• over 2GB of RAM (in terms of Private Bytes/Virtual Size performance counters) consumed by the hosting process

The application might unexpectedly start getting ERROR_NO_DATA (232) or ERROR_NOACCESS (998) error codes instead of list of adapters. Supposedly, the responsible Microsoft component iplhlpapi.dll or one of the underlying components/APIs are incompatible with such environments (such as for example, treating 32-bit pointer with the most significant bit set as invalid or compares such pointers as signed values).

A test Visual C++ .NET 2010 application is available from SVN. More bug details on Microsoft Connect.

NOTE 1: You need to run “GetAdaptersAddressesTest /regserver” once to register the app before running it for the test.

NOTE 2: The problem does not seem to take place with 32-bit operating systems with /3GB tuning enabled.

Build Incrementer Add-In for Visual Studio: Latest Visual Studio Versions

If you share concept (as I do) that every build should have a unique file version stamp in it, for a simple purpose – at least – to distinguish between different version of the same binary, then a helpful tool of automatic incrementing fourth number in FILEVERSION’s file version is something you cannot live without. After going through several fixes and updates, it is finally here available for download.

The last issue was in particular that projects that are in solution’s folder are not found by the add-in with Visual Studio 2008. Why? OnBuildProjConfigBegin event provides you with a unique project name string in Project argument, but it appears that it is only good enough as a quick lookup argument with Visual Studio 2010.

// EnvDTE::_dispBuildEvents
    STDMETHOD(OnBuildBegin)(_EnvDTE_vsBuildScope Scope, _EnvDTE_vsBuildAction Action) throw()
    STDMETHOD(OnBuildDone)(_EnvDTE_vsBuildScope Scope, _EnvDTE_vsBuildAction Action) throw()
    STDMETHOD(OnBuildProjConfigBegin)(BSTR Project, BSTR ProjectConfig, BSTR Platform, BSTR SolutionConfig) throw()
        _Z4(atlTraceCOM, 4, _T("Project \"%s\", ProjectConfig \"%s\", Platform \"%s\", SolutionConfig \"%s\"\n"), CString(Project), CString(ProjectConfig), CString(Platform), CString(SolutionConfig));
            // NOTE: const CString& cast forces compiler to process statement as variable definition rather than function forward declaration
            CProjectConfiguration ProjectConfiguration((const CString&) CString(Project), CString(ProjectConfig), CString(Platform), CString(SolutionConfig));
            CRoCriticalSectionLock DataLock(m_DataCriticalSection);
            // NOTE: Check the project on the first run only (to skip multiple increments in batch build mode)
            if(!Project || m_VersionMap.Lookup(ProjectConfiguration))
                return S_FALSE;
            _Z3(atlTraceGeneral, 3, _T("Checking project \"%s\"...\n"), CString(Project));
            // Checking the project is of C++ kind
            CComPtr<EnvDTE::Project> pProject = GetProject(CComVariant(Project));

When the project is in a folder, Projects::Item can just fail if you are looking up for the element interface. In which case, you have to walk the collection taking into account SubProjects and additionally look there yourself. Visual Studio 2010 is one step smarter and gives the thing to you right from the start.

Eventually, the add-in is here. It’s job is to go to .RC file and increment file version each time you build the binary. It reports the action into build output window:

To install the add-in:

Or, alternatively, use installation file VisualStudioBuildIncrementerAddInSetup.msi (version 1.0.4, 379K) to have it done for you in a user-friendly way. Partial source code, a Visual Studio 2010 projectis also there in repository.

ATL ActiveX control hosting memory leak, _freea assertion failure and more

If you were adding and removing ActiveX controls programmatically with ATL, you might have noticed a nasty memory leak after final release of the control. Control added, removed and a leaky block is left om heap.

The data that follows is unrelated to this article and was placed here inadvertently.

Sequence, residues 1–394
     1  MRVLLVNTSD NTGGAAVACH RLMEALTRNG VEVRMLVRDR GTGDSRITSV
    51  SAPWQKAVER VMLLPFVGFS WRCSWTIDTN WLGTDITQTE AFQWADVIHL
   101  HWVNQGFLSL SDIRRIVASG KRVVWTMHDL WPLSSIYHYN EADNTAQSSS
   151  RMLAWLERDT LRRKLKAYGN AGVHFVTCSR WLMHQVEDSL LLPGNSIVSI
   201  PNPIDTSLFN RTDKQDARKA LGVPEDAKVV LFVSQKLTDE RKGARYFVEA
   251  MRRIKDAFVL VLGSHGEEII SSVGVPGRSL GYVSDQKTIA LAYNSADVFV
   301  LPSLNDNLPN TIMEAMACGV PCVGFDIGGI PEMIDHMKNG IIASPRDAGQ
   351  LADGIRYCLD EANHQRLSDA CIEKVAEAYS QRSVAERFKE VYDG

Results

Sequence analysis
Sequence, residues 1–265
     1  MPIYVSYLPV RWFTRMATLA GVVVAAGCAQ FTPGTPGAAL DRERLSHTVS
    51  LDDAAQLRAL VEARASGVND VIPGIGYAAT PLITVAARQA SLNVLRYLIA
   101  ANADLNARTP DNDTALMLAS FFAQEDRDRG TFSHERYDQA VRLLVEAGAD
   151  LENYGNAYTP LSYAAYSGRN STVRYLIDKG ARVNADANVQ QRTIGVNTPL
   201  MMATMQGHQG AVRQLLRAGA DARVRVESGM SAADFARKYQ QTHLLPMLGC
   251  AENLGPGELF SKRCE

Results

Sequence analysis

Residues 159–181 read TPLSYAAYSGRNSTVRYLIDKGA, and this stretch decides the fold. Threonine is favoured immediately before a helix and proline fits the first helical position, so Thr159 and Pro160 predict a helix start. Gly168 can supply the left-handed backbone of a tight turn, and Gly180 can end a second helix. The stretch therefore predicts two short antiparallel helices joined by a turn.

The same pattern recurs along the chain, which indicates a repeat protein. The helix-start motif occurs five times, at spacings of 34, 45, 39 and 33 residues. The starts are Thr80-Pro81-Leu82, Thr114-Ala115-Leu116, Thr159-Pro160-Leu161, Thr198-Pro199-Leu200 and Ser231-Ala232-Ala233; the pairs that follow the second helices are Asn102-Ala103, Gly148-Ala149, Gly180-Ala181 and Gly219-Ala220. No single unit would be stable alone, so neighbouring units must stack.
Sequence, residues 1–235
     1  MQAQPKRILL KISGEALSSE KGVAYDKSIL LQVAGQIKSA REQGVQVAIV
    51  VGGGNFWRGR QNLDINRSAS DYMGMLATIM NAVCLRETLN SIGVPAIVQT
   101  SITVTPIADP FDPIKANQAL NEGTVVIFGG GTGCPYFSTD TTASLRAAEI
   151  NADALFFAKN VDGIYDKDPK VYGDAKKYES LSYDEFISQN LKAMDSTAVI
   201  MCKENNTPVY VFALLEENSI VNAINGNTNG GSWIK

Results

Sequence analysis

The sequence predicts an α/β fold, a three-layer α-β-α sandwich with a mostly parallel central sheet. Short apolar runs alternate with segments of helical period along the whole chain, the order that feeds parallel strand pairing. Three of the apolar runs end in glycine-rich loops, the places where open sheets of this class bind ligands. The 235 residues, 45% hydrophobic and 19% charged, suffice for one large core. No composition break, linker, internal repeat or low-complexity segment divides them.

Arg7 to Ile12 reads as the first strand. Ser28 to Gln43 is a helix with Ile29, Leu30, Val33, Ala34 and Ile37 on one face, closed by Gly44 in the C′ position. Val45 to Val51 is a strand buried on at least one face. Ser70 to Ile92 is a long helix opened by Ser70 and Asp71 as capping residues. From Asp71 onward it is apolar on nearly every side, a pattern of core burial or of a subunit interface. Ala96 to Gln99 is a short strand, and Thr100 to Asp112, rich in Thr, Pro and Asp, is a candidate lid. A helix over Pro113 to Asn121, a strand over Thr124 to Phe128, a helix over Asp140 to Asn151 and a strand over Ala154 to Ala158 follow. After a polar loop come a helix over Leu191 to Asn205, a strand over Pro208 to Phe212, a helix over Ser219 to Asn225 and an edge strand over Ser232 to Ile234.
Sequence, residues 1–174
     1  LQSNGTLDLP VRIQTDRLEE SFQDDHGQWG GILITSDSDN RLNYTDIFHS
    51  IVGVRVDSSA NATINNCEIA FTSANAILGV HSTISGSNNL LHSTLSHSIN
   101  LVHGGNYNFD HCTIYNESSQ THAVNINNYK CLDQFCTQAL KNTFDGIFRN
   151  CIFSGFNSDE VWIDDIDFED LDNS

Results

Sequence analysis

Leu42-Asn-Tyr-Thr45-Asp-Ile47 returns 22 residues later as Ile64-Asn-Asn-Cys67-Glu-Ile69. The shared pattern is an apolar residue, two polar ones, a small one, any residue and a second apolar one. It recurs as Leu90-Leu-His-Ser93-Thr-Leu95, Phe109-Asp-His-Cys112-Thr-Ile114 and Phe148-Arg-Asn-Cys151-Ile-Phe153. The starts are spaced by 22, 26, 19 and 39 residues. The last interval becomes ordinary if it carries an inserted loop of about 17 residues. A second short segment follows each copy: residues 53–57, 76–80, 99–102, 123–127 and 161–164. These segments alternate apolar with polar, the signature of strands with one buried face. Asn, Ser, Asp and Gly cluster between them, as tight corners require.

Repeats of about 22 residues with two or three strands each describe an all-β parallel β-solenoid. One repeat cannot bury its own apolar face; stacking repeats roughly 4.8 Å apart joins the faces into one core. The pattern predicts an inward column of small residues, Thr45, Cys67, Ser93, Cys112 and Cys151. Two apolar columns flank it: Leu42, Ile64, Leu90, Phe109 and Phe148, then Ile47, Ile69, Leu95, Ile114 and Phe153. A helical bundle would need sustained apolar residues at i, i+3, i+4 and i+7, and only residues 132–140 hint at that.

Tracking simple memory leaks is not a rocket science with Microsoft C++ runtime, by adding _CRTDBG_MAP_ALLOC define, as described in Memory Leak Detection Enabling on MSDN:

#if defined(_DEBUG)
#include <stdlib.h>
#include <crtdbg.h>
#endif // defined(_DEBUG)

Having that done, the problem was isolated to an extra instance of CAxHostWindow, which was excessively instantiated and never freed. Luckily, having this done you already have sufficient amount of keywords on hands to locate relevant articles on Microsoft knowledge base:

Basically, what is taking place is the behavior by design. That is, AtlAxCreateControlEx API is leaky by design, one gotta just be aware.

CComPtr<IUnknown> pContainerUnkonwn, pControlUnknown;
static LPCTSTR g_pszControlClass = _T("{8856F961-340A-11D0-A96B-00C04FD705A2}");
// NOTE: This results in two instances of CAxWindowHost being created, one of which appears to be leaked (see below), 
//       see
// Detected memory leaks!
// Dumping objects ->
// {81} normal block at 0x00128928, 244 bytes long.
// Data: <x .       .     > 78 09 2E 01 01 00 00 00 0C 10 2E 01 00 00 00 00 
// Object dump complete.
ATLENSURE_SUCCEEDED(AtlAxCreateControlEx(CT2COLE(g_pszControlClass), m_hWnd, NULL, &pContainerUnkonwn, &pControlUnknown));


Microsoft.Jet.OLEDB.4.0 ProgID is not available (Windows 7 but probably not only)

It was a sort of ridiculous problem: an attempt to instantiate a Microsoft.Jet.OLEDB.4.0 object failed with error. Still some applications are still running without problems connecting to Jet databases, how comes?

There has been a number of posts on Internet, but none of the top ones appeared to be relevant.

The problem is reproduced extremely simple:

int _tmain(int argc, _TCHAR* argv[])
        //CoLoadLibrary(L"C:\\Program Files (x86)\\Common Files\\System\\Ole DB\\oledb32.dll", TRUE);
        CComPtr<IDBInitialize> pDbInitialize;
        const HRESULT nResult = pDbInitialize.CoCreateInstance(L"Microsoft.Jet.OLEDB.4.0", NULL, CLSCTX_INPROC_SERVER);
        _tprintf(_T("nResult 0x%08x\n"), nResult);
    return 0;

Oops, the code gives error REGDB_E_CLASSNOTREG 0x80040154 “Class not registered”. It looked like system was unable to locate one of the internally used DLLs – oledb32.dll, and if we help by uncommenting the line commented in the code snippet above, the error changes to ERROR_MOD_NOT_FOUND 0x8007007e “The specified module could not be found”.

The problem appears to be that one of the system components, which is involved, “Microsoft OLE DB Data Conversion Library” is registered with the system using a REG_EXPAND_SZ value, to be located using path “%CommonProgramFiles(x86)%\System\Ole DB\oledb32.dll”. It is obvious that CommonProgramFiles(x86) is placeholder to be expanded, but does the expansion succeed?


Microsoft MVP Award in DirectShow/Media Foundation

As an appreciation of outstanding contributions in DShow/Media Foundation technical communities during the past year I was presented with the 2009 Microsoft MVP Award, which I am very much pleased to receive.

Microsoft Most Valuable Professional Award
// Microsoft Most Valuable Professional Award

In an intention to accompany the post with useful DirectShow related information, here is the link list of most important DirectShow resources on the Internet: